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News agencies more important than ever in fight against fake news

News agencies are needed more than ever to fight back against the ‘impoverishment’ of newsrooms around the world as a result of the growth of social media and fake news, according to the chairman of the world’s oldest agency.

AFP chairman, Fabrice Fries talked about the global role of news agencies in an era of fake news. Photo: Sarah Graham/FCC
AFP chairman, Fabrice Fries talked about the global role of news agencies in an era of fake news. Photo: Sarah Graham/FCC

While news organisations are struggling to find a profitable business model as the lion share of news consumption comes via the likes of Google and the big social networks, Agence France-Presse has found a surprising revenue stream–from Facebook. AFP was one of several agencies to sign a contract in 2017 with the social network giant to fact check any content on the platform that the news agency decides warrants verification.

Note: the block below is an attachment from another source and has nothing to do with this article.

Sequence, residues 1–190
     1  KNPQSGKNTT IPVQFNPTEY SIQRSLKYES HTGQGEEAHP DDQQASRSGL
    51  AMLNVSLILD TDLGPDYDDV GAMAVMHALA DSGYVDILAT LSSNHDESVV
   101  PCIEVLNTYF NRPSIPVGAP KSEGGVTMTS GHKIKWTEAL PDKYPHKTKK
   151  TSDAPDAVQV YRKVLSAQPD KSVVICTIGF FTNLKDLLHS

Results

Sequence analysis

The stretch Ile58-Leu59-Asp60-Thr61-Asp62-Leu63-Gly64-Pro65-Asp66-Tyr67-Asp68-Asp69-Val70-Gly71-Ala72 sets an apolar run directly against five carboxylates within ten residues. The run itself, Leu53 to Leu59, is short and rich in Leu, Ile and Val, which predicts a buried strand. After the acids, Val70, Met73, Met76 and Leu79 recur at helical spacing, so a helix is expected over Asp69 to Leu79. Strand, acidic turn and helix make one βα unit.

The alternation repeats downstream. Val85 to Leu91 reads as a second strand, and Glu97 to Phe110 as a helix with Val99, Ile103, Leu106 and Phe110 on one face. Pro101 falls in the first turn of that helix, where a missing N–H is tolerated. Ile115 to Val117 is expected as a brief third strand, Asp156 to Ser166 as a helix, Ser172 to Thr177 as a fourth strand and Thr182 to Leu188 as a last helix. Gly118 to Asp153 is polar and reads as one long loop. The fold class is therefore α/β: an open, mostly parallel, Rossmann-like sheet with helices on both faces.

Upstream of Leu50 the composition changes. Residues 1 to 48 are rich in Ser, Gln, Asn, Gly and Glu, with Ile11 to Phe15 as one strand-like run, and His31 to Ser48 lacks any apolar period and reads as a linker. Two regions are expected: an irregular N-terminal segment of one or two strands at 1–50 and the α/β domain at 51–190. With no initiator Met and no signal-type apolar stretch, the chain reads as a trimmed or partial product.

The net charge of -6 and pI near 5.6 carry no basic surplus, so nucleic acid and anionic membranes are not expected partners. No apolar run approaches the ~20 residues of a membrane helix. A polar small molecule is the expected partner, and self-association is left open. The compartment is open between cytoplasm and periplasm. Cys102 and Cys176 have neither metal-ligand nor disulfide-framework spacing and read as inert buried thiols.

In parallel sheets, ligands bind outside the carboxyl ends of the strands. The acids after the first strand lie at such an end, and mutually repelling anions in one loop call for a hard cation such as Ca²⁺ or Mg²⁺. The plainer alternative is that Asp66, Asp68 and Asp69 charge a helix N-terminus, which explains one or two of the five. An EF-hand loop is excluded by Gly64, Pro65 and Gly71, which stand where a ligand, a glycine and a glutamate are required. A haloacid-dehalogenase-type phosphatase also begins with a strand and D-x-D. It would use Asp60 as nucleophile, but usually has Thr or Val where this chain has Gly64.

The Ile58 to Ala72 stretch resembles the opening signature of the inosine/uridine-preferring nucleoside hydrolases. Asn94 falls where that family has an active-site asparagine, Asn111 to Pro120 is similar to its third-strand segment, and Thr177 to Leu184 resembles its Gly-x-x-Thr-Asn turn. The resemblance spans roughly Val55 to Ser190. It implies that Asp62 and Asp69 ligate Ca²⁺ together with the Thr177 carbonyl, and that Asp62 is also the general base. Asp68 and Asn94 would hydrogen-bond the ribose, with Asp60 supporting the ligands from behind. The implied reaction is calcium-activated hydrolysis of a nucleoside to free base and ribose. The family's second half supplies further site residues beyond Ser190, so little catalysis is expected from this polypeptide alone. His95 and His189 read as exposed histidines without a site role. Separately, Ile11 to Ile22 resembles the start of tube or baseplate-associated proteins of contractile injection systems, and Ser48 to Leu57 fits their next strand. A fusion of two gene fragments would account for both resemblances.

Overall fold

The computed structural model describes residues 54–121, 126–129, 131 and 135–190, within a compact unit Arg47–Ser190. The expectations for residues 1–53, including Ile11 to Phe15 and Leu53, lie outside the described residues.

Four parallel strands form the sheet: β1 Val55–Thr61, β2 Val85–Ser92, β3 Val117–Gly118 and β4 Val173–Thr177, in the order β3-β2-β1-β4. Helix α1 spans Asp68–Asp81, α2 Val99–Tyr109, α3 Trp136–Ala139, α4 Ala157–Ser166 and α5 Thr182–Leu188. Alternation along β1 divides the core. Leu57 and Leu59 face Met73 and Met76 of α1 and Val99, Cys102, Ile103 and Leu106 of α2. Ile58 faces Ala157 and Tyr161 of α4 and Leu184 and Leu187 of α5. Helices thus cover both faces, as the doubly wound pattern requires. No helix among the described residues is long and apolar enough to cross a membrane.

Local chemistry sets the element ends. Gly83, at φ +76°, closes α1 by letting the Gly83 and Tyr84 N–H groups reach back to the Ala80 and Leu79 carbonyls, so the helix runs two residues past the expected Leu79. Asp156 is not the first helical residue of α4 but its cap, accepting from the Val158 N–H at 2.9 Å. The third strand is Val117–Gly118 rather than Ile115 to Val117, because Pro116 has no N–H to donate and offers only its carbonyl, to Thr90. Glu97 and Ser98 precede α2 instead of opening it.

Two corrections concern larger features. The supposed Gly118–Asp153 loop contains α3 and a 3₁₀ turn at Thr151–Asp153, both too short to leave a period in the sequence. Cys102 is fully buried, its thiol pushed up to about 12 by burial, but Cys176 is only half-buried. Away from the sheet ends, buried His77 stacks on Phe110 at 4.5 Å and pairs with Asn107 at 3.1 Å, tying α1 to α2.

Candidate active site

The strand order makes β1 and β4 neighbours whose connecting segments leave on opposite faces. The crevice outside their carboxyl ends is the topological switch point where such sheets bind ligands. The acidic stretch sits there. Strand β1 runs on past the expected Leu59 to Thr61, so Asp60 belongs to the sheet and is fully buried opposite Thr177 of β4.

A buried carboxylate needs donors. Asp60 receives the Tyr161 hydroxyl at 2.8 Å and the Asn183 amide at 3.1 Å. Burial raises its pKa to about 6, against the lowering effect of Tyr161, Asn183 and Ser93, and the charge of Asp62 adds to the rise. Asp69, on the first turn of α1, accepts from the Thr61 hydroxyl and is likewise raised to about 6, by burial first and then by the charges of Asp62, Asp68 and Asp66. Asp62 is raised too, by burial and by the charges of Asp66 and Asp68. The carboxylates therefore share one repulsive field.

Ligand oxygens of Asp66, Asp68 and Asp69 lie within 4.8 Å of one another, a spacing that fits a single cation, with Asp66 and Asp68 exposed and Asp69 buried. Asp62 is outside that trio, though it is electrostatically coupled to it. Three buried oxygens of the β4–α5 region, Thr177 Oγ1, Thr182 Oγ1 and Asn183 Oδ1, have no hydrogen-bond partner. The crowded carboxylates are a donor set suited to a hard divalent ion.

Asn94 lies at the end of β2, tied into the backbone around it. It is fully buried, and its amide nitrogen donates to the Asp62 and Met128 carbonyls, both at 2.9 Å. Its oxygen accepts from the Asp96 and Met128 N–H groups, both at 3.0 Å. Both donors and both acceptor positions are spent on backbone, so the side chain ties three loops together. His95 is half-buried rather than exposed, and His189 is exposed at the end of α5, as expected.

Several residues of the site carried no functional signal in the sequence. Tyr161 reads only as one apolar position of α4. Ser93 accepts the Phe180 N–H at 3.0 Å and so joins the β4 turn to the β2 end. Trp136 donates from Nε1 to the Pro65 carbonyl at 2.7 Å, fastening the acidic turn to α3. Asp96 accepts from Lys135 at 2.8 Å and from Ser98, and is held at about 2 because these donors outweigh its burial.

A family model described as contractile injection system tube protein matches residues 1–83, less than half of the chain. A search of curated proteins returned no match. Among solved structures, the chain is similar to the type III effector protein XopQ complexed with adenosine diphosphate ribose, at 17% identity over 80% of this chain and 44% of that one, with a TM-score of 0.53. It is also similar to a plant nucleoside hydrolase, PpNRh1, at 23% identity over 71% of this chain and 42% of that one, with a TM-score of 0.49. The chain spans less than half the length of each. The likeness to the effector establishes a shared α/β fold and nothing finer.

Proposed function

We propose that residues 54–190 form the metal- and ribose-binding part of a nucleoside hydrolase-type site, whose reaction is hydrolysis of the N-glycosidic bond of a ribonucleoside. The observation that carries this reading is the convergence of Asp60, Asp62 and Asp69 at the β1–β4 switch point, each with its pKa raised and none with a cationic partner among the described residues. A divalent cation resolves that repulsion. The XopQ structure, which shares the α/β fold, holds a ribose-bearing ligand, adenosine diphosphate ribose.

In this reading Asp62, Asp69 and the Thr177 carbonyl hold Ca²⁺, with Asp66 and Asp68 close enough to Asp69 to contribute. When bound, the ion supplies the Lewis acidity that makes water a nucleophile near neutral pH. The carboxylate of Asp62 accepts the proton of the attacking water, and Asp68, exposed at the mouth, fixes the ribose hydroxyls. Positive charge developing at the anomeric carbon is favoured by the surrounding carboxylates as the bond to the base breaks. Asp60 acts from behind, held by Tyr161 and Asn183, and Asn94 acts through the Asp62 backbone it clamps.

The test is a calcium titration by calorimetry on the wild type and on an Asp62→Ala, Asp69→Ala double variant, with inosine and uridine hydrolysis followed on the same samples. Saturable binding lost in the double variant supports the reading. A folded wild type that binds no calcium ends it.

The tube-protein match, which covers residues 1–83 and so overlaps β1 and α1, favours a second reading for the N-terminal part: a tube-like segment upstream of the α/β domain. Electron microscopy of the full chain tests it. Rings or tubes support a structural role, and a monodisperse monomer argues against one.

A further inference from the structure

During his appearance at the December 10 club lunch, AFP’s chairman, Fabrice Fries, said the fight against fake news had become a core component of the 183-year-old agency’s mission. He said the proliferation of news blogs that take chunks of content without permission had led to bona fide news organisations having to cut costs as they saw advertising revenue fall. For large players and news agencies, this increasingly meant scaling down operations abroad.

Fries further highlighted the impact of Big Tech on news organisations, criticising aggregators like Google and Facebook for hosting content published without the permission of the copyright holder then taking 90% of advertising revenue without offering any of it to the news outlets who produced the copy in the first place. “This means we’re being robbed twice…for our content and our revenues,” he said.

The collaboration with Facebook allows AFP to select whatever fake news it wants, and fact check it before publishing its results. Links to its fact checks appear alongside original posts on Facebook.

Watch the full talk.




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